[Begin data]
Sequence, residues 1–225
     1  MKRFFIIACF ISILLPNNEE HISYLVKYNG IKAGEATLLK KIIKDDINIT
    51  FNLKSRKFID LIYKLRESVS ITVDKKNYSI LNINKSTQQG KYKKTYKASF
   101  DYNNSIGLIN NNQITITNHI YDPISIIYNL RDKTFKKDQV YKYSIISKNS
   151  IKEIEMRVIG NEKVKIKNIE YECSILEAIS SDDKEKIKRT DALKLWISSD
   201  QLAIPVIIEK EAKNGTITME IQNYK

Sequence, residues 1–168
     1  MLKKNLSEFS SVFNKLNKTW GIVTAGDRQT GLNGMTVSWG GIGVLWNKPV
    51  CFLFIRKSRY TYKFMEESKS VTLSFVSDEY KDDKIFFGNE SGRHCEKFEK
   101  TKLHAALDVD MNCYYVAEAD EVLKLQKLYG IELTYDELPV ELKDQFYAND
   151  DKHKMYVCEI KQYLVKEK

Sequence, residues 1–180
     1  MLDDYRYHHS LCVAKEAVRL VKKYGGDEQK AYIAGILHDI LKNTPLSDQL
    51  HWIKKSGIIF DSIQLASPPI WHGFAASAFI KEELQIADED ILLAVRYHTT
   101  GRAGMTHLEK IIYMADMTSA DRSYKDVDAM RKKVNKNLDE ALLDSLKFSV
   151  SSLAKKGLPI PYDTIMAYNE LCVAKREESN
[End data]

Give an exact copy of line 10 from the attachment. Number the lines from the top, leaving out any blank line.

   101  TKLHAALDVD MNCYYVAEAD EVLKLQKLYG IELTYDELPV ELKDQFYAND